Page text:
Meet Jordan Tabakman, the lead educator for Andis in Australia and find out about his journey in the barbering industry.

As a second-generation barber growing up in a family of hair and now the lead educator for Andis in Australia, he comes with many accomplishments in the hair industry including many stage shows and expos. He has been a finalist for American Crew All Star Challenge for 2 years in a row. He travels globally to educate with Andis and is known as a celebrity barber in Australia. He commonly appears on TV segments for cutting hair and some of his clients are sports stars such as tennis player Nick Kyrgios and Australian Basketball player for NBA, Aron Baynes. He is very passionate about educating and you will often find him updating his Instagram with new hair content.

Why and how did you decide to be in this profession?

When I got out of school I tried working in a gym as a trainer but did not enjoy it much. So I started looking out for inspiration and I thought of my father. He owns three barber shops in Melbourne and hence tried my hand at barbering. I got myself enrolled in a school and was there for 13 to 14 hours a day. And now finally I’m here. I believe it is the best decision I have ever made.

Where did you get your training?

I went to a hairdressing school in Melbourne called BIBA Academy. My father went to the same school as well, and it just felt it was the right place to go to.

How has the journey been so far for you?

It’s been an incredible journey so far. Here in India I have met 600 to 700 people and have interacted with some of the best hairstylists. From start to finish it’s been amazing.

What are you doing presently?

A month ago I actually took the decision of getting into education full-time. I was not happy just working in a barber shop cutting hair. I followed my passion of helping others get
better at their craft and here I am. I’m much happier now than I was before.

How was it being a finalist in the American Crew All Star Challenge for 2 years in a row?

When they called and told me I was in the top 4, it was surreal. It was a fantastic feeling. For the first year I worked on textured hair of a Caucasian model and the next year I worked on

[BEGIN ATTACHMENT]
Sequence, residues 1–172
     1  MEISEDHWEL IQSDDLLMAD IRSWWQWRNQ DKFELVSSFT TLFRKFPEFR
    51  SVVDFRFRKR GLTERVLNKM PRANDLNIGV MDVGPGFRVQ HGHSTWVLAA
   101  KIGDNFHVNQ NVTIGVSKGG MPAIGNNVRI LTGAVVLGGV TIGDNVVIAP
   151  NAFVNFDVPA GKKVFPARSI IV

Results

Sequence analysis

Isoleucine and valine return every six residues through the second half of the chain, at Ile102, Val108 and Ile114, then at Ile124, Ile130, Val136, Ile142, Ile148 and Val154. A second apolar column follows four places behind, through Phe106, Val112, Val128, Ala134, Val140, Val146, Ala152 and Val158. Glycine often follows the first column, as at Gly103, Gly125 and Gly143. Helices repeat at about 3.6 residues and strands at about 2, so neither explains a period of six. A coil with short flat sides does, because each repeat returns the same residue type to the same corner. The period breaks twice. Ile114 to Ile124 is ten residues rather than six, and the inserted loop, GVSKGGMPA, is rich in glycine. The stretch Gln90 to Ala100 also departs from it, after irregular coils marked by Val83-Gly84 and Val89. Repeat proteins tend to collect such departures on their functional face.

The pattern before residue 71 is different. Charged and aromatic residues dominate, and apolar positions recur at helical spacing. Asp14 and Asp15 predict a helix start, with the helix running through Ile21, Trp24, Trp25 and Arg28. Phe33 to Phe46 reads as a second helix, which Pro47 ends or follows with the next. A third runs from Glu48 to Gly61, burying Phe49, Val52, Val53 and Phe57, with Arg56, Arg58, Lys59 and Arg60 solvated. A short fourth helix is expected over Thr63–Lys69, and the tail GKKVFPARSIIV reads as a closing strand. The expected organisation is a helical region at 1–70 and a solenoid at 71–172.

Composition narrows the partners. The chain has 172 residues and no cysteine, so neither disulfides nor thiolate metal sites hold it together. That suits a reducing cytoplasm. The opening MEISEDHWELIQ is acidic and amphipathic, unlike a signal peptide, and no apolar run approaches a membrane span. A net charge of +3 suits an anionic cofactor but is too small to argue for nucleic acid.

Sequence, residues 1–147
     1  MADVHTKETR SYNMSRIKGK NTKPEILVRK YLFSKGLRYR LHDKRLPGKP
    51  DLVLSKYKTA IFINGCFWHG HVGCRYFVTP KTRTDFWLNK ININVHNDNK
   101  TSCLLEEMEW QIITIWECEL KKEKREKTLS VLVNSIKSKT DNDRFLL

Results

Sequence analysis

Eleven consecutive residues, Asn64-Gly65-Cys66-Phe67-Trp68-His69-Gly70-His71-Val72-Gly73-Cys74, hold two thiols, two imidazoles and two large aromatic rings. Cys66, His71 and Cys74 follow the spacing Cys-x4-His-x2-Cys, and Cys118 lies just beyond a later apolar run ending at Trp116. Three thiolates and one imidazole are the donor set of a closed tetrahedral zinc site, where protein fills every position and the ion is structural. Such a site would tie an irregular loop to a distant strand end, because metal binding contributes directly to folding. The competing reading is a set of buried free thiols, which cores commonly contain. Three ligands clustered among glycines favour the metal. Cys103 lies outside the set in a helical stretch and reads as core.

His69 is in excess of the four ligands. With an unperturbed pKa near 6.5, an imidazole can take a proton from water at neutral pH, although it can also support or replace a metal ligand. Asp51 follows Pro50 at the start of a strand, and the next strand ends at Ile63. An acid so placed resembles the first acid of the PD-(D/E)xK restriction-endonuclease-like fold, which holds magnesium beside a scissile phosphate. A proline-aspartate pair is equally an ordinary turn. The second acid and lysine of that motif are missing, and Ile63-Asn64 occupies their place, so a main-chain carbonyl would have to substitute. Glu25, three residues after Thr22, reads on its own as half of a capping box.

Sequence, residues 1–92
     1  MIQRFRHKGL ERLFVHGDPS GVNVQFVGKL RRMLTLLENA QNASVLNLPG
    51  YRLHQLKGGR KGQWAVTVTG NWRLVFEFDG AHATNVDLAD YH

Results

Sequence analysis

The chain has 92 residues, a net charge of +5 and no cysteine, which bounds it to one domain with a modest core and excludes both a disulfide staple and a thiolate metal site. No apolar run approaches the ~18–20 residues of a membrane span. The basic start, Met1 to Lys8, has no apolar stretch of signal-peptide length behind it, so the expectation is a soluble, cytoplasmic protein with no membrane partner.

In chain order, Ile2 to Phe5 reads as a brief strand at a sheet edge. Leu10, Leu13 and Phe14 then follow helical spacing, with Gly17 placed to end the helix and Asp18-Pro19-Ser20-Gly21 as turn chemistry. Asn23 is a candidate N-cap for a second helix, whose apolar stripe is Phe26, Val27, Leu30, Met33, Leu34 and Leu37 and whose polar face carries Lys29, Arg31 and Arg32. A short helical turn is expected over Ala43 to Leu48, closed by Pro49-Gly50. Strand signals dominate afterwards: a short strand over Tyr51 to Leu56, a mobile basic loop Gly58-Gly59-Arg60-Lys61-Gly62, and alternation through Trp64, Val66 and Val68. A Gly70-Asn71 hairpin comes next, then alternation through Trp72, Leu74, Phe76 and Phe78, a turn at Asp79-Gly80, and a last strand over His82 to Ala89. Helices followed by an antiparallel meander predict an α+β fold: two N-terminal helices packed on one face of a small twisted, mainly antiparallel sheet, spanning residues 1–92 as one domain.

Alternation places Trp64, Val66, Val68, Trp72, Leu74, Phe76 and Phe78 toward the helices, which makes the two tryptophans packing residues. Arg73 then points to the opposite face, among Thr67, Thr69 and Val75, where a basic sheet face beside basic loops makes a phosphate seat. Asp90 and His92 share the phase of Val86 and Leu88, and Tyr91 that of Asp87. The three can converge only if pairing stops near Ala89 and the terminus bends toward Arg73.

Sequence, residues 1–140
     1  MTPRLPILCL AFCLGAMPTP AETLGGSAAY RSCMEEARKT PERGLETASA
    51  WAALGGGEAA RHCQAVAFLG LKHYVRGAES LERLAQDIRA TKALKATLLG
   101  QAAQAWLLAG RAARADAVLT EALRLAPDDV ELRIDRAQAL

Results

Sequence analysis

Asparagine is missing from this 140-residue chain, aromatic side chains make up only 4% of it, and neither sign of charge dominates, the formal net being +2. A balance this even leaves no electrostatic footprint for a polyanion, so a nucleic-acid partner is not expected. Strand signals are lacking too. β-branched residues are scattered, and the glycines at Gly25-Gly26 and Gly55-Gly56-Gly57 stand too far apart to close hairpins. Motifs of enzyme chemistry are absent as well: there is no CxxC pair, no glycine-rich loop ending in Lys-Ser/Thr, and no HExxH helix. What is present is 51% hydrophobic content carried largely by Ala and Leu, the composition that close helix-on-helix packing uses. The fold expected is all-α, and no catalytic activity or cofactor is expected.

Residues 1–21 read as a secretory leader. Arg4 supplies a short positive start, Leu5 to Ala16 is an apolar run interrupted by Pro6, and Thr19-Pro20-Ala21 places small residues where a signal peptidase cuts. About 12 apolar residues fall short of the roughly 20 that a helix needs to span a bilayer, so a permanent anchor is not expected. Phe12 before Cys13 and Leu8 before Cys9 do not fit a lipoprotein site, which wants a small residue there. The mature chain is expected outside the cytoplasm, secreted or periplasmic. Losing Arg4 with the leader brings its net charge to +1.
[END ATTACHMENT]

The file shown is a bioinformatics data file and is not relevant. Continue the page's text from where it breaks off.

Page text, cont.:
Afro hair, which actually stood out. I believe it is important to stay one step ahead of the trend.

Your views on the importance of education?

The foundation to everything is education. Fashion and hairstyles keep changing around the world and if we are one step behind in our knowledge then we are one step behind in
the industry. The way we develop ourselves is through education.

What is the most challenging aspect of your career?

Being away from family. It’s not easy.

What elements in the job do you enjoy the most?

Educating and helping people grow and get better is what i enjoy most. In my classes I try and teach something that hasn’t been seen or taught before. And when I see my students getting excited and trying the same on their models/clients, it just inspires me to keep going.

What is your suggestion for new make-up artists and hairdressers?

Do what makes you happy, be it beauty or hair. Get yourself enrolled in a class or academy. Initially you might find it tough, but once you get through the first few weeks, everything just clicks.

Which brands do you use?

I use Andis professional clippers for all my haircuts. One of my personal favourite is the Andis Master Cordless Clipper, one of the most iconic and powerful clipper. In hairstyling
products, I am mostly open to trying new and different products. A few brand preferences are Evo haircare products, Redken Brews, American Crew and Upper Cut.

How difficult/easy is to deal with stars?

I have worked with a lot of Australian sport stars – footballers, NBA players like Dante Exum and Aron Baynes and tennis stars like Nick Kyrgios. I get along really well with all of them because I treat them like any other human being and not like superstars, and they really like that.

Any advice for our readers who are also salon professionals?

Look around for inspiration through social media and magazines. Constantly keep practicing to get better and attend as many seminars and educational workshops as you can.

What is your USP?

Everything I do is 100 percent real. I am genuinely here to share knowledge and help people in my industry.